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Maumee school officials continue to study the feasibility of asking voters to approve a tax increase in November.
At a community forum last week, Superintendent Greg Smith explained that the district is projected to spend about $65,000 more in 2014-2015 than it takes in. In fiscal year 2016, spending will exceed income by $1,599,745.
Reserves will cover spending gaps until the end of the 2016-2017 year, when the district runs out of cash and faces a projected deficit of $1,698,867, according to district figures.
The superintendent said the board of education is considering asking for a combined millage that would be used for operating expenses and facility improvements needed in the high school and middle school, including Kazmaier Stadium, the tracks, baseball field, tennis courts, and high school gymnasium.
The district has a slew of other building needs as well, including the installation of air conditioning at Fairfield, Fort Miami, and Wayne Trail elementary schools at a cost of $750,000, and repairs of roofs and parking lots. It also needs new buses and technology.
Three options for the millage request are under scrutiny: 3.9 mills, which would cost the owner of a $100,000 home $136.50 annually; 4.9 mills ($171.50), and 5.9 mills ($206.50).
A cost-cutting campaign has been under way since the 2003-2004 school year, as the district’s enrollment has shrunk, Mr. Smith said. The school system has shed 43 teachers, five administrators, and nine support staffers since then. In the 2014-2015 school year, it plans to cut two teachers and one support staffer. Over the past decade, enrollment has declined to 2,700 from 3,400.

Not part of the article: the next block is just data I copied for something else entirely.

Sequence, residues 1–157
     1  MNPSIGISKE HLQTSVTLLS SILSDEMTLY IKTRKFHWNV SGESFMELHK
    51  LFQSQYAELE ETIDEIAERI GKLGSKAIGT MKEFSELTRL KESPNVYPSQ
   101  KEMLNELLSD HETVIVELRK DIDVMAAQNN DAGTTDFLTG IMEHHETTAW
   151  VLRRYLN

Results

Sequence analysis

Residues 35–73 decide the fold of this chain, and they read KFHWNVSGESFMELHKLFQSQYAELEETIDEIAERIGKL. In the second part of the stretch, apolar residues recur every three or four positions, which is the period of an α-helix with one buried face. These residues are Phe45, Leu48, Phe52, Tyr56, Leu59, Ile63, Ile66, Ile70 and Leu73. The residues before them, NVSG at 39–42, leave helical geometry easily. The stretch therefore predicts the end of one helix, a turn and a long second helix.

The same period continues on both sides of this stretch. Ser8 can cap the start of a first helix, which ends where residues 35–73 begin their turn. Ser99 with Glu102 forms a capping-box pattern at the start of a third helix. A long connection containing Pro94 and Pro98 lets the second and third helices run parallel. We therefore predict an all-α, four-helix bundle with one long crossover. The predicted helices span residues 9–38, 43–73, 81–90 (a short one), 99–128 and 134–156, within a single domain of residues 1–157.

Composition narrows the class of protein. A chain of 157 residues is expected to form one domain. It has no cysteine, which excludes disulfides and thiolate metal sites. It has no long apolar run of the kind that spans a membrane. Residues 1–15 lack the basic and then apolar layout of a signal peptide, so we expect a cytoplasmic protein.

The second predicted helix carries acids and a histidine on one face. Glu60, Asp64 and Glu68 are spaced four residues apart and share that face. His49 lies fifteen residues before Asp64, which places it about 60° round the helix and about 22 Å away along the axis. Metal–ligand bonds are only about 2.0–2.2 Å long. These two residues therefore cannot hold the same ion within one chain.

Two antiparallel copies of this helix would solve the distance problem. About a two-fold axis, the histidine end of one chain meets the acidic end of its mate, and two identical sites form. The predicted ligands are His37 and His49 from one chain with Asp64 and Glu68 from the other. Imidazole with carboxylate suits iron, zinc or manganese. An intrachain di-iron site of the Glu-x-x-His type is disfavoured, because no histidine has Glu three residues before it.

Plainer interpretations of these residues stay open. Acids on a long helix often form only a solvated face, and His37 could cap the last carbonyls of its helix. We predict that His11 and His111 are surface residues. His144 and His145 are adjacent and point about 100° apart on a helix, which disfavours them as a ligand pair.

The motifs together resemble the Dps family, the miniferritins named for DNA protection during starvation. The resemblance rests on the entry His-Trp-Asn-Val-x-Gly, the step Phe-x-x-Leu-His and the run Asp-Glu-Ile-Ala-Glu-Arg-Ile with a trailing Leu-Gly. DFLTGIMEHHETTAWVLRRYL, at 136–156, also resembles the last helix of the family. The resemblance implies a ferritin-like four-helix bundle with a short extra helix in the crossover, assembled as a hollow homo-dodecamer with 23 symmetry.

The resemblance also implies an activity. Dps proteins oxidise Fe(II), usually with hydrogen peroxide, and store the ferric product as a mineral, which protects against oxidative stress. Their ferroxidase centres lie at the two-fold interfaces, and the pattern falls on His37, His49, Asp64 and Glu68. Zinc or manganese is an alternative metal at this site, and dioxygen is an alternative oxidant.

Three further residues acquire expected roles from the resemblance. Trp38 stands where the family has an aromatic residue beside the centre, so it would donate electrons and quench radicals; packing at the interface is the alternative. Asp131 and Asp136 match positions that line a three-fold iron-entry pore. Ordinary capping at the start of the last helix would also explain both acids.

The district also has realized savings by requiring employees to pay a larger share of their medical insurance premiums, which now stands at 15 percent — a number Mr. Smith acknowledged could be considered generous — and closing the Union Elementary School building.
In 2012-2013, the latest year for which data is available, the average teacher salary in Maumee was $50,244, according to the Ohio Department of Education. This compares with $50,361 for Perrysburg schools, $61,021 for the Ottawa Hills district, $48,222 in the Springfield Local Schools, $51,016 in Bowling Green, and $47,792 in Oregon.
Mr. Smith told the audience of about 15 people at First Presbyterian Church that the district provides busing for kindergarten through 12th-grade students who live a mile or more from school, but is not required by the state to transport high school students. He said the district could save $100,000 annually by adopting a two-mile limit to qualify for transportation.
Similarly, he said, cuts could be made to extracurricular programs that exceeded state minimum programs, such as music, art, family and consumer science, and business.
Contact Carl Ryan at: email@example.com or 419-724-6095.